UPDATED, Jan. 7, 2015: Last spring, the local company Creole Cuisine Restaurant Concepts took over the former Spanish restaurant Galvez in the French Market, a space still well-known for its pre-Hurricane Katrina tenure as the restaurant Bella Luna. The company is now developing it as venue for weddings and other events.
This new venue will be called Marché (French for market), and it should open in early spring, according to Zeid Ammari, chief operating officer for Creole Cuisine Restaurant Concepts. Renovations to the property have opened up a long bank of windows facing the French Quarter, he explained, which gives the main room a sweeping view from the rooftops to the river.
Other New Orleans restaurant groups are expanding to meet what they call growing demand for special events and private functions. Most recently, chef John Besh and his company bought the grand CBD restaurant Le Foret with plans to make it an events venue. Now called Pigeon & Prince, the new venue is expected to begin booking in late January.
A French Quarter restaurant space famous for its river views and also for the number of marriage proposals once carried out under its roof is now slated to become a dedicated venue for weddings and other banquet events.
Creole Cuisine Restaurant Concepts, the fast-growing New Orleans restaurant company, has a lease agreement with the French Market Corp. for the 7,000-square-foot riverfront property that is currently the Spanish restaurant Galvez.
The address, 912 N. Peters St., was the pre-Katrina home of Bella Luna, an Italian restaurant that was a magnet for romantic couples and suitors eager to pop the question.
“We’re really excited for the opportunity and just very happy with the French Market’s trust in us to do this right,” said Zeid Ammari, chief operating officer of Creole Cuisine Restaurant Concepts, which runs 10 restaurants in the French Quarter.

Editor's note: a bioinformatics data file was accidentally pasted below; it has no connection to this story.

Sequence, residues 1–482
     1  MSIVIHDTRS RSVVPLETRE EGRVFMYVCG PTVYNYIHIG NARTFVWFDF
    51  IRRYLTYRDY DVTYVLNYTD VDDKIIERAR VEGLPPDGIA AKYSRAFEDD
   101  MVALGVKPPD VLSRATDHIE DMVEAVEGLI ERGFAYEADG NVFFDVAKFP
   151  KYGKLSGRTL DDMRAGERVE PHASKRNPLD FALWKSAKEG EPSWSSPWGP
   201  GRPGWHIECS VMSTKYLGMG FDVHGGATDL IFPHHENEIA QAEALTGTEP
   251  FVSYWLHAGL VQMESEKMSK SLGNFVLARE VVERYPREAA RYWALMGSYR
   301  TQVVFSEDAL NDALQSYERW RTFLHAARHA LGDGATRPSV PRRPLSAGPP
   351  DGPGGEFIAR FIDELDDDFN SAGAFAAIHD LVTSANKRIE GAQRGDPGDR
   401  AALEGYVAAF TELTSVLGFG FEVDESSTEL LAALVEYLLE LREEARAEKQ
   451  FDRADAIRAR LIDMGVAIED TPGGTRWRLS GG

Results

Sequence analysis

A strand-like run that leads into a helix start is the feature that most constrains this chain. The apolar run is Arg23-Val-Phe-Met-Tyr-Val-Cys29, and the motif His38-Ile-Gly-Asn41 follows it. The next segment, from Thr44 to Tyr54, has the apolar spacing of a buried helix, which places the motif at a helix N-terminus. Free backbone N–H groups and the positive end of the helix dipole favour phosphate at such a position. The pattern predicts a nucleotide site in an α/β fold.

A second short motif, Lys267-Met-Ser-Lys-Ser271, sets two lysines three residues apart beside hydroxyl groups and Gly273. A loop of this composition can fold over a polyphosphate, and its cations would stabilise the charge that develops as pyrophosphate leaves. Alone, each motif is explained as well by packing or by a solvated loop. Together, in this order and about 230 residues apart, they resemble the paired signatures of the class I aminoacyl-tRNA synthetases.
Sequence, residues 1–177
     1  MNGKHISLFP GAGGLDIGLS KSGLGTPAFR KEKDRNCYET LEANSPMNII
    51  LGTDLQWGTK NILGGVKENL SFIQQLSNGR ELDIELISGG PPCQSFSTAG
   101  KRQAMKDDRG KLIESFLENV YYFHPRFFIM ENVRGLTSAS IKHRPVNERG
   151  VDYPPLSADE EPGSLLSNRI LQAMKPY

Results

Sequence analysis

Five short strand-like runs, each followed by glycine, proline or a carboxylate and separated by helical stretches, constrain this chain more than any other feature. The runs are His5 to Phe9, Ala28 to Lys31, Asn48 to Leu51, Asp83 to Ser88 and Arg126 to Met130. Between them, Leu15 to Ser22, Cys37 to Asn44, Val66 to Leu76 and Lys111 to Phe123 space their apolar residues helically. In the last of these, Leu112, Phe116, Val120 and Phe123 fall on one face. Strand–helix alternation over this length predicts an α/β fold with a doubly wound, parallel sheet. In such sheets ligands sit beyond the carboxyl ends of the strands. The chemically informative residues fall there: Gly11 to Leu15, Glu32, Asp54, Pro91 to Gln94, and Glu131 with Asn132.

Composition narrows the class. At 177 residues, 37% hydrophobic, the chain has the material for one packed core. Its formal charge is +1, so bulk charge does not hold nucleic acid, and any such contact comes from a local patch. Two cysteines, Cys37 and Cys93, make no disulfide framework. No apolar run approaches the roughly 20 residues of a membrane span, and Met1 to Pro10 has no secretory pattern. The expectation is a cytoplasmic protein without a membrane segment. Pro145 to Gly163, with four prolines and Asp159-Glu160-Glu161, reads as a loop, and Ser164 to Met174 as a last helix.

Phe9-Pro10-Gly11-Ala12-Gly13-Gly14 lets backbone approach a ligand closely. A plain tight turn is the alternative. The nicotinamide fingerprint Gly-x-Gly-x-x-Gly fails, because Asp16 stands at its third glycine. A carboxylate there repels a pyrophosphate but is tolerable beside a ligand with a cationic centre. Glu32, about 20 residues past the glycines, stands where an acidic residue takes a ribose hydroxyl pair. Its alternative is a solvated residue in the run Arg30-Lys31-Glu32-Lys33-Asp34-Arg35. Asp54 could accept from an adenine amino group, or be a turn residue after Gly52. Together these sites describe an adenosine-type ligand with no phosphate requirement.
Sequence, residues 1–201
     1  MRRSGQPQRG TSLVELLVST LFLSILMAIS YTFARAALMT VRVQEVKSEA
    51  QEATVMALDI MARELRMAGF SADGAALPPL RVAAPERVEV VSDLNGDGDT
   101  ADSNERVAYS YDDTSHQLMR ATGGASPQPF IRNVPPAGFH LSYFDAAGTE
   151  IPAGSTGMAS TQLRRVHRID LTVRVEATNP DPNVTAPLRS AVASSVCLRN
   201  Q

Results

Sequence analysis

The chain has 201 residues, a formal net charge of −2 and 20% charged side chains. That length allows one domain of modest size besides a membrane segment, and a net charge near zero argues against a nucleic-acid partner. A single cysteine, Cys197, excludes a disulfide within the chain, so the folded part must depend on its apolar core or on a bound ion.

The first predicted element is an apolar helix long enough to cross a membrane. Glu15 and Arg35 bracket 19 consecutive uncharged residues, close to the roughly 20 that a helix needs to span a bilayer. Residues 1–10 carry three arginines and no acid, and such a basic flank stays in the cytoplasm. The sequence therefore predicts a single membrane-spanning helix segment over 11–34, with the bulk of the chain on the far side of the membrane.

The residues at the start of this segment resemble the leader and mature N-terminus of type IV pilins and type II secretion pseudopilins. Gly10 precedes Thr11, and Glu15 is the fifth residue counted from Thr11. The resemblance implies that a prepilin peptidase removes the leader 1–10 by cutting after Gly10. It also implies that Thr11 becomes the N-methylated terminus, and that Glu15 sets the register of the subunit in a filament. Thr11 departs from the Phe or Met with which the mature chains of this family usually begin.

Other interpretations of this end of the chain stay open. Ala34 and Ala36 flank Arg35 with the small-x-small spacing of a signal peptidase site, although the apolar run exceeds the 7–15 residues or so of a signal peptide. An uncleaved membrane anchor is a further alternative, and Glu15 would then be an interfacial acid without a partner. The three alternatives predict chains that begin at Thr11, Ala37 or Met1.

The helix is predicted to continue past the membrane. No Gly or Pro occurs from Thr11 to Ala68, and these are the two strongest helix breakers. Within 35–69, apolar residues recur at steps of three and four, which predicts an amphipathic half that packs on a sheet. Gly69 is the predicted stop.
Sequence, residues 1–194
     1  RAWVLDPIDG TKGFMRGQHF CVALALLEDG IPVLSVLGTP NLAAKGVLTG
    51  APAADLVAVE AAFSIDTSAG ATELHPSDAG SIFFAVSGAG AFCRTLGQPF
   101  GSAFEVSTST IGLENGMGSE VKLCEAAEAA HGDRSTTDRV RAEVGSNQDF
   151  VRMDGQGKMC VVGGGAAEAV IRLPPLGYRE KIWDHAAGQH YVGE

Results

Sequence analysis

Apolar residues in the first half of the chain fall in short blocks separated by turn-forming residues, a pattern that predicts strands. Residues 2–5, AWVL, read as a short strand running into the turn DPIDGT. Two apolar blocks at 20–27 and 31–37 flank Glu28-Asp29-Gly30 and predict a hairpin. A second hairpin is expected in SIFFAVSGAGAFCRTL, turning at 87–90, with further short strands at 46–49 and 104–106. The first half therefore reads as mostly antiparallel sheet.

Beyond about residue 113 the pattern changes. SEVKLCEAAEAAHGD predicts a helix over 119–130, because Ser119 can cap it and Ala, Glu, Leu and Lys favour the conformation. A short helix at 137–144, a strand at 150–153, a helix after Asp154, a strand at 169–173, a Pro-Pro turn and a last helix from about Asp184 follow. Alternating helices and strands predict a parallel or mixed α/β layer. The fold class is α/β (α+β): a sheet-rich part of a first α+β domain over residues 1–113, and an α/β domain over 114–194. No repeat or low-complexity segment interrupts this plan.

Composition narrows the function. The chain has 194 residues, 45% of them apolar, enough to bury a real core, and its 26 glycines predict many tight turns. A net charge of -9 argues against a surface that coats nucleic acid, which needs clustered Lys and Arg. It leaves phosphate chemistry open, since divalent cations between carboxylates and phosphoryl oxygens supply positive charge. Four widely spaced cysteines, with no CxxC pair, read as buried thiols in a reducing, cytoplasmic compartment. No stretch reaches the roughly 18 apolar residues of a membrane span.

Ammari said the company plans “a major renovation” once it takes over the property and predicted it will be ready to reopen by early fall. The new operation, which has not been named, will host private events only. The kitchen will be led by a chef who has yet to be selected, Ammari said.
“For our company, we’ve seen tremendous need for more spaces for special events and banquets,” he said. “I just think the city is attracting so much attention, nationally and internationally, and that’s driving a lot more destination weddings and other events that need banquet space.”
Galvez manager Jessica Cedillo said she was unsure about any future plans for the Spanish restaurant once it leaves the French Market.
The property’s second-floor dining rooms and terrace enjoy a unique location along a curve of the Mississippi River that presents sweeping views of both the river and the downtown skyline. The space was built by restaurateur Jimmy Moran and originally opened as Moran’s Riverside in 1975, according to the book “Lost Restaurants of New Orleans,” by Peggy Scott Laborde and Tom Fitzmorris.
In 1991, it was taken over by chef Horst Pfeifer, who ran Bella Luna there until 2005. Bella Luna didn’t reopen after Hurricane Katrina. (Pfeifer, who now runs Middendorf’s Restaurant in Manchac, blamed lagging repairs by the city to the battered property).
The French Market space then sat empty until Galvez emerged there in spring 2009, serving as both a restaurant and an events space.
“This was always one of my favorite restaurants, one that we missed after Katrina,” said Ammari, referring to its tenure as Bella Luna. “To be able to come in here with our plans is just wonderful.”
The city-run French Market Corp. serves as landlord for the property. Jon Smith, the executive director, said the agency and Galvez’s operators agreed to allow the Galvez lease to expire at the end of June.
The French Market issued a public request for proposals for the space in February, specifically seeking either a special-events venue or a restaurant with “a strong catering/special events component.”
The solicitation netted several proposals, and Smith said he was excited to work with Creole Cuisine Restaurant Concepts.
“As part of their presentation package, they outlined an extensive renovation plan for this property, and their proposed financial investment and upgrade into this city-owned property was the deciding factor in choosing this group,” he said in a written statement. “Suffice it to say that the French Market Corp. shares (the company’s) enthusiasm about returning 912 N. Peters to being a showcase event facility on the Mississippi River.”
Creole Cuisine Restaurant Concepts is a family-owned company that got its start in 1989 and grew to operate a string of daiquiri shops around the French Quarter under the Big Easy Daiquiris brand. It later expanded to full-service restaurants and has been growing rapidly in the past two years.
In 2013, it opened the modern Louisiana restaurant Kingfish and acquired the historic Broussard’s Restaurant. In 2014, the company added Café Maspero and the Bombay Club to its portfolio. The company now employs more than 800 people, Ammari said.
Follow Ian McNulty on Twitter, @IanMcNultyNOLA.